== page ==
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Santiago de Compostela Cathedral (A Coruña)

Santiago de Compostela

The final destination of St. James’ Way

A Coruña

For centuries, thousands of pilgrims have travelled on St. James’ Way every year, finally reaching the capital of Galicia and entering the iconic Cathedral. According to tradition, this is the burial place of the relics of James the Apostle, discovered in the 9th century.

But Santiago de Compostela is very much a living city, with other attractions for travellers, pilgrim or not: countless restaurants and bars where you can enjoy the delicious seafood of Galicia, a UNESCO World Heritage old town centre, daring contemporary art… There's plenty to do in this city which combines history with a younger modern side.

Life around the Cathedral

Perhaps the most special place in Santiago is Plaza del Obradoiro. Life in the city seems to revolve around this point, the site of the Cathedral, Raxoi Palace, and the luxurious Hostal de los Reyes Católicos, said to be the world’s oldest hotel. On this square you’re likely to see pilgrims with their inevitable walking sticks and scallop shells. There is a ritual for visiting the Cathedral for the first time: admire the Portico de la Gloria, embrace the figure of St. James on the main altar, go down to the crypt, go up to the rooftop (what a view!) and if you’re lucky, see the botafumeiro (an enormous censer) in action—they only use it on religious holidays or if requested in advance.Around the Cathedral, every step is a discovery, with other very charming squares such as Praterías (with the best view of the belltower, La Berenguela) or Quintana with its pretty stairs and other monuments like the imposing Monastery of San Martiño Pinario.It’s curious that even the far outskirts of the city seem as if they were designed for admiring the Cathedral. An example is the quiet Alameda Park and the viewing point of Monte do Gozo, with sculptures of pilgrims which have starred in so many photographs.

Fine dining and the modern city

To be tempted by delicious smells and tastes, and see why Galicia’s food is so famous, there’s nothing like a visit to the Mercado de Abastos food market, the second most visited place in the city. Here you can buy and taste seafood fresh from the rías, cheeses and Padrón peppers, or try the famous tapas. You can also feel the real atmosphere of Santiago on Calle Franco and Calle Raiña, in the heart of the old town, where locals and visitors have been enjoying tapas “since forever” and where you will find plenty of restaurants for trying octopus “a feira”, scallops, Santiago cake or wines like Albariño, considered one of the world’s best white wines.Beyond the winding streets and the stone mansions, the modern side of Santiago can be seen around the university area, in its art galleries, and above all in two places: the Galician Contemporary Art Centre and Cidade da Cultura by the New York architect Peter Eisenman, one of the most surprising examples of Galicia’s contemporary architecture.Many people say that taking the Way and arriving in Santiago is an adventure that can change your life. This city certainly seems capable of keeping you here.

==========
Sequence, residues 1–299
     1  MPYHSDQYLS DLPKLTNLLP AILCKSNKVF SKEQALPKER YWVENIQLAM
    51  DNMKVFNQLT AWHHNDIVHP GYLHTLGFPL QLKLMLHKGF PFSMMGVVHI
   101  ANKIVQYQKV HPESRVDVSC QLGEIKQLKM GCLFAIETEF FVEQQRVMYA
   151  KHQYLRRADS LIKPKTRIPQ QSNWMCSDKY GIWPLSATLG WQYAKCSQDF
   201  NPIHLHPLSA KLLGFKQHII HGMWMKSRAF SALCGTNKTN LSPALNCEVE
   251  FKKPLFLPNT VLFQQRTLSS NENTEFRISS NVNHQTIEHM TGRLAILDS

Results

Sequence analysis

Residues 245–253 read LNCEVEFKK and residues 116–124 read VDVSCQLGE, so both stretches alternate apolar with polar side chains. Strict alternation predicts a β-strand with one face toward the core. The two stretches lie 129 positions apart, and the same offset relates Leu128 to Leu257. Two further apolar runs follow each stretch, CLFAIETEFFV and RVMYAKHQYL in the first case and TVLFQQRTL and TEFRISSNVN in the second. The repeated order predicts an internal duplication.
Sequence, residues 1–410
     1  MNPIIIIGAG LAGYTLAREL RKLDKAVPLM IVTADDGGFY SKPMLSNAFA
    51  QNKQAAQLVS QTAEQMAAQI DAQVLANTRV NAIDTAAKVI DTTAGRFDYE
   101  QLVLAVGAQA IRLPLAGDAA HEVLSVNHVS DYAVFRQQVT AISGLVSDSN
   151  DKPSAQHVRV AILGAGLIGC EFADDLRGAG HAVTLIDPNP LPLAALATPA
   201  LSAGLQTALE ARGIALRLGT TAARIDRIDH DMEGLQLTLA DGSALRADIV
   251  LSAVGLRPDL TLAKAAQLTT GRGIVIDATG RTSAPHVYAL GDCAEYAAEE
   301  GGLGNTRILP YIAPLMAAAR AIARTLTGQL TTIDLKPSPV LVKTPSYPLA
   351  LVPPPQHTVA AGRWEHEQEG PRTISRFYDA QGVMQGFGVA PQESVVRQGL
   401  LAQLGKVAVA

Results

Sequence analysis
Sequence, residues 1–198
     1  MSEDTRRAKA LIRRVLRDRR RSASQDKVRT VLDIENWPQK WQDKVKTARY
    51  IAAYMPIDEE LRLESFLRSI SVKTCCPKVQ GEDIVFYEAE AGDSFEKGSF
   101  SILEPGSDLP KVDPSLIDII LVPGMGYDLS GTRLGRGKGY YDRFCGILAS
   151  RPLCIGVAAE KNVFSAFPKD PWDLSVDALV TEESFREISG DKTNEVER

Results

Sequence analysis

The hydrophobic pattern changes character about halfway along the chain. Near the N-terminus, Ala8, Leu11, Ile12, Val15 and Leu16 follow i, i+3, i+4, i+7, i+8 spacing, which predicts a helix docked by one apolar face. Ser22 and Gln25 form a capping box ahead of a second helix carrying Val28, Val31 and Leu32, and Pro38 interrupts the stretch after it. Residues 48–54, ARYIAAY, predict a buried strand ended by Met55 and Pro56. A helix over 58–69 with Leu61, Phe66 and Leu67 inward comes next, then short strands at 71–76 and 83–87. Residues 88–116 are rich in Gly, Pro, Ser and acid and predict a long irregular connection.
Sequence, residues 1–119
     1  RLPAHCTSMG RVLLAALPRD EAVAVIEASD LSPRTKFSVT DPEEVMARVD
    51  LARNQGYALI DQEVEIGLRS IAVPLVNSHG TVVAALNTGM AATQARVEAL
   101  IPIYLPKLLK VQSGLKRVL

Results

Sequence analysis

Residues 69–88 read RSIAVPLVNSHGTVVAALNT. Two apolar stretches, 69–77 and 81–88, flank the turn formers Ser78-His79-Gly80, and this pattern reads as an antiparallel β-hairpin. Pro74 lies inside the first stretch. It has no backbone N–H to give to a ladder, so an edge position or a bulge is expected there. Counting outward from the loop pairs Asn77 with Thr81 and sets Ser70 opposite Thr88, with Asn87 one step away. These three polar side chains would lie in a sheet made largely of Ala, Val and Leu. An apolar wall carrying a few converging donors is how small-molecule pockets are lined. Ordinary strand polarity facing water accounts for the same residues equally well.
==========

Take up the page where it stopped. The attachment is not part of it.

Don’t miss it

What to visit


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What to do

Other ideas for your trip


Practical information

How to get there - transport information


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How to get to aeroplane

  • International flights to Amsterdam, Basel, Brussels, Dublin, Frankfurt, Geneva, London, Malta, Milan, Paris and Zurich.

  • Santiago Airport is 10 kilometres outside the city.

  • There are taxis and bus services (Empresa Freire) between the airport and the city. The bus service runs from the airport to Plaza de Galicia, with stops at the Pazo de Congresos, Capilla San Lázaro and the bus and coach station.

  • Bus to the city centre: 30 minutes.

  • Car to the city centre: Approximately 15 minutes on the N-634.

  • More information

How to get to train

  • Trains run from Santiago de Compostela Railway Station to Madrid, San Sebastián, Hendaye and Barcelona.

  • You can also change trains to reach Bilbao, Portugal and Paris. Book tickets

  • The No. 6 bus from Plaza de Galicia goes to the station.

  • The Transcantábrico, a luxury tourist train, travels slowly through northern, Green Spain to Santiago de Compostela. More information

How to get to bus

  • Coaches run from Santiago de Compostela bus and coach station to countries including Portugal, Germany, Belgium, France, Switzerland, the Netherlands and Romania.

  • They are operated by Enatcar Internacional, Socitransa and Flixbus.

  • Coaches also leave every hour for other towns in Galicia, like Vigo, Pontevedra and A Coruña.

How to get there by road

  • The A-6 and A-52 motorways connect Galicia to the rest of Spain and link to Santiago via the AP-9.

  • The A-8 motorway connects Galicia and France via the Cantabrian coast.

Practical information

  • The Compostela Pass tourist card includes discounts on the sights and tourist trains, in shops and restaurants, and a guided tour of the historic quarter of Santiago de Compostela, including a visit to the Parador de los Reyes Católicos.

  • More information

How to get around in bus

  • Over 20 city bus routes connect every part of the city. More information and bus map

  • The No. 5 bus from Plaza de Galicia goes to the coach and bus station.

How to get around in train

  • The tourist train (actually a type of bus) starts from Plaza del Obradoiro and tours the whole historic quarter.

  • More information

How to get around in other means of transport

  • By taxi. Find information here on how to contact the 24-hour teletaxi service.

  • Vehicle rental.